BluRay/DVD Reviews


By • Mar 1st, 2009 •

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One of many horror films released by the Weinstein’s genre-based film company, Dimension Extreme, and they’re doing some really great things with these titles–some originally produced, some purchased from foreign markets. These are titles that will never see the darkness of a major cinema in my part of the country and that really is a shame, especially with this particular film coming in from the UK.

James Watkins has a history with these kinds of movies, having written the scripts to MY LITTLE EYE and GONE over the past decade. He’s recently secured a deal to help construct the screenplay for the eagerly anticipated sequel to THE DESCENT, which should allow him even greater exposure here in the United States. In his directorial debut, Watkins has crafted a fine looking horror/revenge picture that takes full advantage of its locations that unfold in natural daylight. The result is vivid, bright colors surrounded by deep wilderness that helps the viewer relate to the main characters’ confusion as they fight for survival from the brutality that is occurring all around them. These are films that were all over the place in the seventies and continued to be rediscovered throughout the eighties by virtue of home video. It’s a premise where the lead characters are terrorized by a group of malevolent strangers. Films like: LAST HOUSE ON THE LEFT, I SPIT ON YOUR GRAVE or DELIVERANCE, where the only element that technically allows it to be categorized in the horror genre is the film’s cruel, realistic violence and the grim possibilities that would arise for everyday people thrown into this predicament in real life. As a general rule, these films typically provide some of the most shocking and despicable villains in the history of moving pictures.

The title EDEN LAKE refers to a gated community that is under construction near a flooded quarry. Jenny and Steve travel to the location for a short holiday, where Steve has plans to propose. Upon arriving, the young couple has one bad encounter after another with Brett and his gang of detestable teenagers. Steve takes a stand against the gang and, as a result, Brett steals his Jeep, wallet and cell phones. While demanding the return of these items, Steve accidentally kills Brett’s vicious pet Rottweiler. Brett proceeds to peer-pressure the remainder of his gang into cruel acts of hostility against the couple, and a determined game of cat-and-mouse develops. The actions of the central characters escalate to the point where violence is the only solution to both parties involved.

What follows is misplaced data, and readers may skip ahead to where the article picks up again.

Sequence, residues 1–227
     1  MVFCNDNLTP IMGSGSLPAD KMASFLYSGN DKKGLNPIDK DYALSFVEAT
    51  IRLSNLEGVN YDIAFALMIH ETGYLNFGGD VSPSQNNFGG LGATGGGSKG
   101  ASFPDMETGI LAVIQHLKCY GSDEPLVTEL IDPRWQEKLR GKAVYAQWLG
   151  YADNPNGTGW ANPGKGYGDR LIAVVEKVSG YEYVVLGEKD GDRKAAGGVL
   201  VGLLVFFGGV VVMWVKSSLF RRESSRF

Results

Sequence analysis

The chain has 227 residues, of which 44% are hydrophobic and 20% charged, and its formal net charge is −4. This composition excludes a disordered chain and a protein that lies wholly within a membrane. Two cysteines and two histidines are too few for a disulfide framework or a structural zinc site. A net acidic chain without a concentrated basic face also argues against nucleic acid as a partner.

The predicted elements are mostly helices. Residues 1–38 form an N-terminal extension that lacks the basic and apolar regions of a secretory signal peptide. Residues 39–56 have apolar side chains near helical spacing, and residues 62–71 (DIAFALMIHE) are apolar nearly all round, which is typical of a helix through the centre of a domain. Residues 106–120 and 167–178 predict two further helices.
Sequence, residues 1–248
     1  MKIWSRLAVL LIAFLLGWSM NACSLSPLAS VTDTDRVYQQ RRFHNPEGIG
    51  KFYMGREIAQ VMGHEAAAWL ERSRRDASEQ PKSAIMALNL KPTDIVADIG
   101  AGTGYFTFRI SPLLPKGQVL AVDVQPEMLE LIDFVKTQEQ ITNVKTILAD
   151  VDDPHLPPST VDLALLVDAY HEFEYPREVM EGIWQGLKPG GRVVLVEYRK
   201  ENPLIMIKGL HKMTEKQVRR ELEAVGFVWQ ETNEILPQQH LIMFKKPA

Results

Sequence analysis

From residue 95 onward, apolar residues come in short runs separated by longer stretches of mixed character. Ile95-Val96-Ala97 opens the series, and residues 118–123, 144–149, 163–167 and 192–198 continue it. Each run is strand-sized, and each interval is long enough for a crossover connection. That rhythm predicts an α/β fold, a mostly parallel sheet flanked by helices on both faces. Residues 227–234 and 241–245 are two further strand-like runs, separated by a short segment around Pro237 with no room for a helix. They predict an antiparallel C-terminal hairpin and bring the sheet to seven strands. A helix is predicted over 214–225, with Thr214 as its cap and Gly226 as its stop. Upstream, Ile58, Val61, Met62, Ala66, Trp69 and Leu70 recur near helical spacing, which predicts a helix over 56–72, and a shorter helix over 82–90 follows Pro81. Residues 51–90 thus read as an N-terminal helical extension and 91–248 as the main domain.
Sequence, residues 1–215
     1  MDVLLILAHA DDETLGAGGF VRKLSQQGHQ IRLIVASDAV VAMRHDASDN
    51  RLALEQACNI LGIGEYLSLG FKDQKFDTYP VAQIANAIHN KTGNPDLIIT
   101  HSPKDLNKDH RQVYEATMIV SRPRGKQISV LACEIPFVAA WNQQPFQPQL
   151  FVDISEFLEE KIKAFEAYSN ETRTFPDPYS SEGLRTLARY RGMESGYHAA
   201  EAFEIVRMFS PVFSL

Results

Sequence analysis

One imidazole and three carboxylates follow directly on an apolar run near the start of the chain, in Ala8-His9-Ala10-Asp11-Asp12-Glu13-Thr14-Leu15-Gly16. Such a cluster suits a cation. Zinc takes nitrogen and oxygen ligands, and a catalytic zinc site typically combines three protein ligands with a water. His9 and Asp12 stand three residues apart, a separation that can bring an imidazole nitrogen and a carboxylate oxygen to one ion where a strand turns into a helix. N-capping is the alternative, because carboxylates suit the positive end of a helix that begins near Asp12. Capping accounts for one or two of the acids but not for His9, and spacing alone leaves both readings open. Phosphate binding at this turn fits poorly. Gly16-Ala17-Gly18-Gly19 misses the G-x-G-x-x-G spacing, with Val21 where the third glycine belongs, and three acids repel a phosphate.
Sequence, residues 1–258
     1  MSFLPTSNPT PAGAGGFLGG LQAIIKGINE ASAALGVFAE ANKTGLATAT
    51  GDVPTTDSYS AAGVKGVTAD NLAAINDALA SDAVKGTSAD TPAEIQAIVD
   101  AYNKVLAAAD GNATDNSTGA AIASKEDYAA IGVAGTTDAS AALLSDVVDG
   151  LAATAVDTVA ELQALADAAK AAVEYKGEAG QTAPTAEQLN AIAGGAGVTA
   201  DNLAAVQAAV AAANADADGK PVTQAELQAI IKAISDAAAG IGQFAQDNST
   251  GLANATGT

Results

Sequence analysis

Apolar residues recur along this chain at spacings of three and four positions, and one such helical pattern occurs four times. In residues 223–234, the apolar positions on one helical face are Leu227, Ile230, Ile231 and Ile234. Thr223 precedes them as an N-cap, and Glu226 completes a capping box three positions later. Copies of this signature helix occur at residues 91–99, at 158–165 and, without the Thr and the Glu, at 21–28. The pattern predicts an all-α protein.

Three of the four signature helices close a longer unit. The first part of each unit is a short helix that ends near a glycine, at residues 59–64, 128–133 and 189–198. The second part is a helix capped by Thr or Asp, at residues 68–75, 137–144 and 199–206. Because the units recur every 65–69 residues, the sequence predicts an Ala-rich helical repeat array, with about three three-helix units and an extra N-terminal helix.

The two leads, Kelly Reilly and Michael Fassbender, are talented and instantly likable. Kelly Reilly will undoubtedly be compared to another UK horror heroine, Shauna Macdonald of THE DESCENT, due entirely to being covered head to toe with the remnants of the most disgusting dumpster in Europe. Jack O’ Connell is despicable as Brett and will have viewers cringing every time the film is dedicated to his appearance. I feel that James Watkins is a talent to keep an eye on, both as a writer and a director. His script is virtually flawless and his courageous decision to resolve the film in ways you really don’t expect, helps make this title stand out as unique entertainment born out of a previously used idea. His new talents as a director are flexed to the fullest with his ability to center and sustain the action of the chase from beginning to end.

I remember a time in the UK when movies like this couldn’t even be shown in that country–much less get made. They were called “Video Nasties” and I have to admit that there has never been a greater collaboration of two words to take on a whole new meaning since the creation of language. “Video Nasty” is just fun to say. It’s simple and direct. It’s brilliant and comical. In this country we get unimaginative and lazy descriptions such as “gorenography” or “torture porn,” two sub-genre metaphors that make me literally squirm and grind my teeth every time I hear them articulated. EDEN LAKE is what’s great about the possibilities of direct-to-DVD fare. It’s the best horror title released from the UK last year and, one can only hope, will help revive and preserve the term “Video Nasty.”

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One Response »

  1. Bryan

    wonderful review…makes me what to rush out and get this on DVD… are the man!

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